Welcome to Scribd, the world's digital library. Read, publish, and share books and documents. See more
Download
Standard view
Full view
of .
Save to My Library
Look up keyword
Like this
25Activity
0 of .
Results for:
No results containing your search query
P. 1
Makalah Dr Sabrina Oktoria Sihombing, M Bus

Makalah Dr Sabrina Oktoria Sihombing, M Bus

Ratings:

4.86

(7)
|Views: 12,513|Likes:
Published by sabrinasihombing

More info:

Published by: sabrinasihombing on Apr 10, 2008
Copyright:Attribution Non-commercial

Availability:

Read on Scribd mobile: iPhone, iPad and Android.
download as PDF, TXT or read online from Scribd
See more
See less

11/30/2012

pdf

text

original

 
MODELING AND TESTINGTHE EFFECTS OF CAUSE RELATEDMARKETING, CORPORATE REPUTATION,AND BRAND IMAGE ON BUYER ATTITUDEAND PURCHASE INTENTIONSABRINA OKTORIOSimposium Riset Ekonomi IISurabaya, 23-24 November 2005
 
 
Modeling and Testing the Effects of Cause Related Marketing, CorporateReputation, and Brand Image on Buyer Attitude and Purchase Intention
 ABSTRACT 
This research developed a model to analyze the effects of cause related marketing (CRM), corporate reputation, and brand image on buyer attitude and purchase intention. Theresearch shows that the CRM can have positive influenceson corporate reputation and brand image. However, CRM does not effect on buyer attitude. Implications for boththeoretical as well as managerial are presented.Key Words: CRM, Corporate reputation, Brand image, Attitude, Intention
Introduction
Corporate social responsibility (CSR) has become a significant phenomenon intoday’s business condition. The phenomena is emerged from several key factors suchglobalization, consumer movement, investors, and communities (van den Berghe, Baeten,& Somers, 2005; Hirschhorn, 2004; Raynard & Forstater, 2002; Assael, 1998). Those keyfactors require that corporate should concern not only to their shareholder, but also tostakeholders, such as employees and society (Ruggie, 2005). Moreover, CSR has becomea standard for corporate in running their business (Cronin, 2001).There are many ways in which companies can apply CSR. For instance, CSR can beapplying in the context of marketing. Specifically, companies can link with a charity forthe benefit of itself as well as addressing social issues. This activity is known as causerelated marketing (CRM) (Adkins, 1999).This research was inspired by a cause related marketing program, that is, LifebuoySharing Health. The program was a purchase-triggered donation, that is, a purchase of Lifebuoy soap from July to August 2004 resulted in a donation to help building bettersanitation in several parts of Indonesia. Thus, there are two main objectives of thisresearch: (1) to understand LHS program as an implementation of CSR activity, and (2)to model and test the effects of cause related marketing, corporate reputation, and brandimage on buyer attitude and purchase intention. The model developed should contributeto understanding consumer behavior.This paper is organized into five sections: justifications of the research, a review of the relevant literature and hypotheses, the research method, the discussion of the results,and conclusions of the research.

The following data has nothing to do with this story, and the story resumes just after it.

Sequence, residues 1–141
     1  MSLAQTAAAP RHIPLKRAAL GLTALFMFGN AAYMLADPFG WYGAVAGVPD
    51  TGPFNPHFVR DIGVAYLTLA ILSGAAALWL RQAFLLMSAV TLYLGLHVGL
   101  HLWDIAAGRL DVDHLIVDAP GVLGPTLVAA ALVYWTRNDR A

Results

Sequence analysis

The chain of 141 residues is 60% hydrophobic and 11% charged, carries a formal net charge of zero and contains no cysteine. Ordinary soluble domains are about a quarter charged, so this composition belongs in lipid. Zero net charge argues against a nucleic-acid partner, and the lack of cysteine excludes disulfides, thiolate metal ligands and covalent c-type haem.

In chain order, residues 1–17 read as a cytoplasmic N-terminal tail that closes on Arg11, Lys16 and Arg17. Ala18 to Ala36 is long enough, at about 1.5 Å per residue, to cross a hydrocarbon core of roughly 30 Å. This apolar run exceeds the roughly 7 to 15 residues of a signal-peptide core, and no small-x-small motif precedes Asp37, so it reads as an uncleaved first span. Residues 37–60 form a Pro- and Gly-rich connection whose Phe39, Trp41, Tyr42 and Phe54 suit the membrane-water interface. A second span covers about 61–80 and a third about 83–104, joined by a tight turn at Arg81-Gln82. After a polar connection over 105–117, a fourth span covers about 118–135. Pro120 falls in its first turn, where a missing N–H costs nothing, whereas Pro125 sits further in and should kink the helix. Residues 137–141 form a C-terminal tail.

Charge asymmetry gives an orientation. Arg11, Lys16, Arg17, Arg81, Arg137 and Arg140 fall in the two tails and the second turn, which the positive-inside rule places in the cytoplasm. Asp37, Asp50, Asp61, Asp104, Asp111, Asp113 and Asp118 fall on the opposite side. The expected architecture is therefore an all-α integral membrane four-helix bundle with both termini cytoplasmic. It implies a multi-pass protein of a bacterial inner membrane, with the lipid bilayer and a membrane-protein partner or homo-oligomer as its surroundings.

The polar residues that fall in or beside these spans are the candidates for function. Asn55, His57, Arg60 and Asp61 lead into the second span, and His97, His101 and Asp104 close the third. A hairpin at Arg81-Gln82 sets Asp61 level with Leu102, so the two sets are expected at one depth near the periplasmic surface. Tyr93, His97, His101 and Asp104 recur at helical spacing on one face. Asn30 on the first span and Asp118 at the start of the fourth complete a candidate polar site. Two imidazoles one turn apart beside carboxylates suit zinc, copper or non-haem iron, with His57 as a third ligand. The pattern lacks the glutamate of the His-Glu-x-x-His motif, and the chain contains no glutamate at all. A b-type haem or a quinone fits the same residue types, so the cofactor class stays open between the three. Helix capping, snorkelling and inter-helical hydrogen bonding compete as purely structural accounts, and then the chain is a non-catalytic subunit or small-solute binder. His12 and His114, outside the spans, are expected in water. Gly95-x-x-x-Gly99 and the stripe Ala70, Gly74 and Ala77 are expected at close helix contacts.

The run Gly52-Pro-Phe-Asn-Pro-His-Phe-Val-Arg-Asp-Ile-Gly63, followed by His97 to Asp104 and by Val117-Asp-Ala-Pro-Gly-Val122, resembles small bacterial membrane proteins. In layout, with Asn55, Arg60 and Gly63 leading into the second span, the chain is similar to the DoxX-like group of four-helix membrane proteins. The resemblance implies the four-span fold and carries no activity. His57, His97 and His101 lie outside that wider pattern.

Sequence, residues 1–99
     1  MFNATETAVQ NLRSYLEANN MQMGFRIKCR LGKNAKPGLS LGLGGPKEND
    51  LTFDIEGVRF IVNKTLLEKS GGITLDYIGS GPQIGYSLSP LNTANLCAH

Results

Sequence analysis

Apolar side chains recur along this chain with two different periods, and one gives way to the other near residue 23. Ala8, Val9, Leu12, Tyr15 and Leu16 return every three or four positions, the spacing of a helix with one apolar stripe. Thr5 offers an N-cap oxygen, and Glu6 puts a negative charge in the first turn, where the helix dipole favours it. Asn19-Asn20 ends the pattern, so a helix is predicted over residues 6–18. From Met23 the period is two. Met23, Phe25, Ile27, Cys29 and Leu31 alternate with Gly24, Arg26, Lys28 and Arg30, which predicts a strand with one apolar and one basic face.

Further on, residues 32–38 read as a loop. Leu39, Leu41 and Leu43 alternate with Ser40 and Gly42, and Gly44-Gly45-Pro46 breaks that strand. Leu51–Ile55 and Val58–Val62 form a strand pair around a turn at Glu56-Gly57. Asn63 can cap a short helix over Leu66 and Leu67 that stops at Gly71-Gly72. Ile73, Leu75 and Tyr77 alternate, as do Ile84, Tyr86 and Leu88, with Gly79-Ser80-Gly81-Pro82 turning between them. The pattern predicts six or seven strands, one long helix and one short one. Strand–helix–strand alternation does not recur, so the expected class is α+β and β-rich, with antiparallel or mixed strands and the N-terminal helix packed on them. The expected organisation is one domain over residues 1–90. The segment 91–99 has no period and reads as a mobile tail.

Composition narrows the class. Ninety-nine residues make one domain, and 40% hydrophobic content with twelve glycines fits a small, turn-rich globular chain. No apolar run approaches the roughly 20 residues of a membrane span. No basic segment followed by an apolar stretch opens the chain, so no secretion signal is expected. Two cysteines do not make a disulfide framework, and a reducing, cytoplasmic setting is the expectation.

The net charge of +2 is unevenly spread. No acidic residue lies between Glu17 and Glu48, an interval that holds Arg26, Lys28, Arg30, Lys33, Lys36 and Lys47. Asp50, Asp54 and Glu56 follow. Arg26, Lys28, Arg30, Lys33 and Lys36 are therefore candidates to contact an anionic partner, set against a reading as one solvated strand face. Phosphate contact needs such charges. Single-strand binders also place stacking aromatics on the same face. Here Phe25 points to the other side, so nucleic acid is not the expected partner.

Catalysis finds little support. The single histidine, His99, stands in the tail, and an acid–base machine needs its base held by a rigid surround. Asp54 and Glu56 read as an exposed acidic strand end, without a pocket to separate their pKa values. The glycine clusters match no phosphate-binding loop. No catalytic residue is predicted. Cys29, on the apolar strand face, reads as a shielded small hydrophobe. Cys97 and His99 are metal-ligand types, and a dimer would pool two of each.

Justifications of the Research
This research can be justified on these two grounds as follows: (1) the importance of cause related marketing to solve social problems, and (2) potential outcomes formarketers and corporate
.
 
Simposium Riset Ekonomi IISurabaya, 23-24 November 2005
 
The importance of cause related marketing to solve social problems